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Contextual Attentiveness

In order to identify and steer clear of  obstacles and move toward opportunities, we must be able to help our faith-based communities and organizations actively and continuously monitoring their environments for obstacles and opportunities.[/su_note]

teamworkCommon Cause Community

In order to minimize competition and maximize collaboration between our faith-based communities and organizations and other faith-based communities and organizations serving our communities, we must be able to make common cause with those that have similar visions and are heading in similar directions. In set theory this is known as centered-set community, in which membership is determine by shared vision and goals, and it is the opposite of bounded-set community, in which membership is defined based on boundary conditions: all the ways in which our distinguish our organizations from others. Faith-based communities and organizations in turbulent environments must share the attitude of Jesus that “whoever is not against us is for us.”
(Mark 9:40, Luke 9:50)

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Rapid Hypothesis Testingprototype-review-refine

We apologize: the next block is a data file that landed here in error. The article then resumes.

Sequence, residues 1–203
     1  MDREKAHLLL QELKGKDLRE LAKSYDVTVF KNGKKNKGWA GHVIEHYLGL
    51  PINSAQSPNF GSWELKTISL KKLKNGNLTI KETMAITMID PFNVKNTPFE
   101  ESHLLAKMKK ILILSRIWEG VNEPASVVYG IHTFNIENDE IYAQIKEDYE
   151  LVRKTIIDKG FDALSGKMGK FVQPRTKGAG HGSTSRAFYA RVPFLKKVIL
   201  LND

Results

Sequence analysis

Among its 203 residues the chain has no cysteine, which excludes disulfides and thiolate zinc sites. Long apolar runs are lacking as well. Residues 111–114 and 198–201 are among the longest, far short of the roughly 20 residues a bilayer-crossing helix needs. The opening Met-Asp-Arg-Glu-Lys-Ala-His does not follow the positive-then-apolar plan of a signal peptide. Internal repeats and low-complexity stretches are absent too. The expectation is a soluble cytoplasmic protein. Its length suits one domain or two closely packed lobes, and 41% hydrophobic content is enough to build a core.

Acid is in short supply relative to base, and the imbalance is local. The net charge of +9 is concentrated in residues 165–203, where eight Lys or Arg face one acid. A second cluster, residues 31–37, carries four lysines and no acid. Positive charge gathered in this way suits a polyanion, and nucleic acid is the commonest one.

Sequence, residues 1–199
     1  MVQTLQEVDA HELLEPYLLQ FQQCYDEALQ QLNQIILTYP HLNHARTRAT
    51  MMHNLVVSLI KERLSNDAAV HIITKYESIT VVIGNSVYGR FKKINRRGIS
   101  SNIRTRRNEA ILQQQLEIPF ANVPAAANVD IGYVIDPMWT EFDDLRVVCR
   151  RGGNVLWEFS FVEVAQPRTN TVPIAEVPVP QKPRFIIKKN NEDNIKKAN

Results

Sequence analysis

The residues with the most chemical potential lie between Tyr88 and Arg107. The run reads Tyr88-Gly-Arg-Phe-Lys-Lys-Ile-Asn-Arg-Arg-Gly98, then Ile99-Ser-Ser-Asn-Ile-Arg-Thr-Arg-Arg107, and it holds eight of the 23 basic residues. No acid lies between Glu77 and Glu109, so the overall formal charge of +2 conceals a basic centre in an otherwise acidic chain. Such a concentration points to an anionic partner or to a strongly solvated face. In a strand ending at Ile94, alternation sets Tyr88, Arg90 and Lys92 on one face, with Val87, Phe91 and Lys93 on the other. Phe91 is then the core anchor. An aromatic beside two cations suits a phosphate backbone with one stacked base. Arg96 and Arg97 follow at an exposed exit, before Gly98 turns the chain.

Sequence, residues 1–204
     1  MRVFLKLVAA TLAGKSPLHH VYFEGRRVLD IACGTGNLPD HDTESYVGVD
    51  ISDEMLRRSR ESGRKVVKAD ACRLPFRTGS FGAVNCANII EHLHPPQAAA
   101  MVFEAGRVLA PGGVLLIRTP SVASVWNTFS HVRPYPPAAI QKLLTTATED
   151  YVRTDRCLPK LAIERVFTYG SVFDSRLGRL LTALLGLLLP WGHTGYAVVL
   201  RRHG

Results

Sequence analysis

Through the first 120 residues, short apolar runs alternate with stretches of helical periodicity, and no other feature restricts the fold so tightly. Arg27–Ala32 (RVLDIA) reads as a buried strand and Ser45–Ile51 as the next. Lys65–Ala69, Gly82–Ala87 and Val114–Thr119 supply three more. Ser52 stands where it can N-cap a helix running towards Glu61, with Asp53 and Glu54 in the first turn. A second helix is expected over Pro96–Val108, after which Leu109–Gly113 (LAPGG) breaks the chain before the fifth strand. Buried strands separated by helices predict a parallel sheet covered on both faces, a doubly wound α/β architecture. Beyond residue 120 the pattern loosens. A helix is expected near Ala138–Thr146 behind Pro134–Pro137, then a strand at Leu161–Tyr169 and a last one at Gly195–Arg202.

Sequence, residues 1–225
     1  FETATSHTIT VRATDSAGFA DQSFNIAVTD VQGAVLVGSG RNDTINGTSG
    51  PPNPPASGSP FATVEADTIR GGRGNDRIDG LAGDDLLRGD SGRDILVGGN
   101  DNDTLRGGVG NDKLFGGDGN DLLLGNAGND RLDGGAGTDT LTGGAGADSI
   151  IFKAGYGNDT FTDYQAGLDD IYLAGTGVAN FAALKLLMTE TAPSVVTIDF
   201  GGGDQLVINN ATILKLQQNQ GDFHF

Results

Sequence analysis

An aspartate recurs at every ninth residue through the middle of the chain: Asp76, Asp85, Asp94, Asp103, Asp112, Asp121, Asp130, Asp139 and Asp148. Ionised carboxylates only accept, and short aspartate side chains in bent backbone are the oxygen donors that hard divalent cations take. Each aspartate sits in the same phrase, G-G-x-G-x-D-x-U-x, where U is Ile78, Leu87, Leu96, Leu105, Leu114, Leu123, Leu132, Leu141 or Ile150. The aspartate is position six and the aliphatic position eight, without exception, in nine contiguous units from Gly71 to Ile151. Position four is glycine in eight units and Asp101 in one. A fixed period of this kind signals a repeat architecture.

When operating in an unfamiliar and rapidly changing environments, we as leaders of faith-based communities and organizations will frequently be making “educated guesses” as to the most effective course of action. To thrive in such an environment, we have to be able to rapidly make and test strategic hypotheses, quickly discarding strategies that fail the test and continuing with and perhaps tweaking strategies pass it, repeating this process as often as needed.[/su_note]

MWM-portrait-small-RGB-POSActionable Metrics

To effectively test hypotheses we are making,
we must know how to develop evaluative measures
that provide us with the data necessary
to help us understand how well our chosen strategies are working,
and whether and how we need to adjust course.

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And this last capability brings us full circle, back to Agility.

To survive and thrive in escalating uncertainty and accelerating change, we must be able to help the faith-based communities and organizations we lead do all of these things quickly, adroitly, and as often as needed.[/su_note]